Even a chronology, a map, a caption are, at the same time, explicitating and compensatory. I think we therefore ought to draw some temporary conclusions about the application of the principles of total translation to that branch of studies directly interested in the notions of explicitation and compensation.

The first conclusion concerns the desirability to unify all the compensatory, explicitating or explicative devices situated not within, but in the margin of the translated text under the notion of "metatextual rendering". Neglecting the question of the spontaneous tendency of linguistic mediators to make explicit, and dwelling only on the aspects of explicitation deriving from the (conscious or aconscious) awareness of a translational loss, I propose to unify such "motivated" explicitation to compensation, which was always considered a non-spontaneous but rational process, under the concept of "metatextual rendering". Here is a graphic representation:

place of the shift

within the translated text (metatext 1)

outside the translated text

(metatext 2)

traditional category





translator’s notes

afterwords etc.

kind of mental process





category according to total translation

intratextual compensation and explicitation

explicitation hypothesis

metatextual rendering

This new systematization of translation shifts has the advantage of unifying all those having bearing on the recovery of losses, i.e. that are within the competence of "metatextual rendering". I therefore think that this representation is much more productive for a semiotic approach to translation.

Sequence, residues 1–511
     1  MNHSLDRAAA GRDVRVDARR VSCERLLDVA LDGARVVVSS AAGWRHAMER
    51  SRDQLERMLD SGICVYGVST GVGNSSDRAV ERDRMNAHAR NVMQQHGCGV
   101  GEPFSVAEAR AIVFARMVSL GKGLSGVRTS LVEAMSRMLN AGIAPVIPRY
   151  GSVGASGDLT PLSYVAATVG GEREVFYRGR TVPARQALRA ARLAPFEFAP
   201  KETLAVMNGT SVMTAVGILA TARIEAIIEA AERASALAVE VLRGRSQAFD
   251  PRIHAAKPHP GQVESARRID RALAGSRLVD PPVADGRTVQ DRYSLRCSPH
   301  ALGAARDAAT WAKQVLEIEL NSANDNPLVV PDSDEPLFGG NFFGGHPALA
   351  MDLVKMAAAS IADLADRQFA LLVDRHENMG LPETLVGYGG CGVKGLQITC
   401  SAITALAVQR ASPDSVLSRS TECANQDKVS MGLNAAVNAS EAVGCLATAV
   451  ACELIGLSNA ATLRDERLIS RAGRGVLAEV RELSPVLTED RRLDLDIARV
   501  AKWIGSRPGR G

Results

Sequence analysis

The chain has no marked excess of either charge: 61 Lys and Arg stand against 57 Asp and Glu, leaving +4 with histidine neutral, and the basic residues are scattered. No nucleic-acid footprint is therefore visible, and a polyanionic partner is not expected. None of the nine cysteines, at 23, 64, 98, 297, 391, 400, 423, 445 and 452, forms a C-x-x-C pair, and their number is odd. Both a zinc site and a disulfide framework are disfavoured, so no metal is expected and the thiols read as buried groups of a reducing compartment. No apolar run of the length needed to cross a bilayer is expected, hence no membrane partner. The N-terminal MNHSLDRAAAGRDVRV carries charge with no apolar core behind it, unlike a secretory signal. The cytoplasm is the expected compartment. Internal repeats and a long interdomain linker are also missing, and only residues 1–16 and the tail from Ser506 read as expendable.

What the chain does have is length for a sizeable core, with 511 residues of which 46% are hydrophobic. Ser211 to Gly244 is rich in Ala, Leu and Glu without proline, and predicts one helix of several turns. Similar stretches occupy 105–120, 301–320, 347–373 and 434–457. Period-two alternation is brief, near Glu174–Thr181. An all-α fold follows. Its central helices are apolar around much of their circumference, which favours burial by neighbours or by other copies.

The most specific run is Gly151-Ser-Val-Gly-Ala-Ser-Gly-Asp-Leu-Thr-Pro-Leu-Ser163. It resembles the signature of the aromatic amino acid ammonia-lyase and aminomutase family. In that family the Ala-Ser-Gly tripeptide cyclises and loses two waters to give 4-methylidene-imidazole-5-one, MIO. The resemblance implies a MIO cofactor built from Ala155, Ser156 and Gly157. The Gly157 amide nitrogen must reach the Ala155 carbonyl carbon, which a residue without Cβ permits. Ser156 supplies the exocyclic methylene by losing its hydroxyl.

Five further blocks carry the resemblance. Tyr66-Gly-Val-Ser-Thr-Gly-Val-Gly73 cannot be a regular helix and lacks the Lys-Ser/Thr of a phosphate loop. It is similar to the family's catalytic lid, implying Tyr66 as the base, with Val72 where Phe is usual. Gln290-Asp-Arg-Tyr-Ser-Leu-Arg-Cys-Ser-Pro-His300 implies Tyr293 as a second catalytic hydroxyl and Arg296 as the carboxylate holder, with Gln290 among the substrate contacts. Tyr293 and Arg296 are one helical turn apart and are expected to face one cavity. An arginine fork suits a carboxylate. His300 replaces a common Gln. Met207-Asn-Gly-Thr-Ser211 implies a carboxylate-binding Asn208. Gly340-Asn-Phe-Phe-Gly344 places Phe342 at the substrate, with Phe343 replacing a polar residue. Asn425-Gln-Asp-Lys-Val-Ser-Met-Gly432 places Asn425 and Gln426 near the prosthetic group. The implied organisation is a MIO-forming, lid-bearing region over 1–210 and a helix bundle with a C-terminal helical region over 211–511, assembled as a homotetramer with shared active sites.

Bibliographical references

BARHUDAROV L. S. JAzyk i perevod. Voprosy obšcej i castnoj teorii perevoda, Moskvà, Meždunarodnye otnošenija, 1975.

BLUM-KULKA SHOSHANA Shifts of Cohesion and Coherence in Translation, in Interlingual and Intercultural Communication: Discourse and Cognition in Translation and Second Language Acquisition Studies, edited by Juliane House and Shosgana Blum-Kulka, Tübingen, Narr, 1986, p. 17-35.

CANETTI ELIAS Die gerettete Zunge. - Die Fackel im Ohr. - Das Augenspiel, München, Carl Hanser Verlag, 1995, ISBN 3-446-18062-1.

CANETTI ELIAS The Tongue Set Free. Remembrance of a European Childhood, translated by Joachim Neugroschel, in The Memoirs of Elias Canetti, New York, Farrar, Straus and Giroux, 1999, ISBN 0-374-19950-7, p. 1-286.

CRISAFULLI E. Dante’s Puns and the question of compensation, in Wordplay and Translation, edited by Dirk Delabastita, Manchester, St. Jerome Publishing, 1996, ISBN 1-900650-01-0, p. 259-276.

HARVEY K. Compensation, in Routledge Encyclopedia of Translation Studies, edited by M. Baker, London, Routledge, 1998, ISBN 0-415-09380-5, p. 37-40.

HERVEY SÁNDOR and HIGGINS IAN Thinking Translation: A Course in Translation Method: French to English, London, Routledge, 1992.

KLAUDY KINGA Explicitation, in Routledge Encyclopedia of Translation Studies edited by M. Baker, London, Routledge, 1998, ISBN 0-415-09380-5, p. 80-84.

KOMISSAROV V. N. Teoriya perevoda (lingvisticheskie aspekty), Moskvà, Vysshaya shkola, 1990, ISBN 5-06-001057-0.

PYM ANTHONY Epistemological Problems in Translation and its Teaching. A Seminar for Thinking Students, Calaceit (Teruel), Caminade, 1993.

VINAY J.-P. e DARBELNET J. Stylistique comparée du français et de l’anglais. Méthode de traduction, Paris, Didier, 1958.

1 Canetti 1999: 64.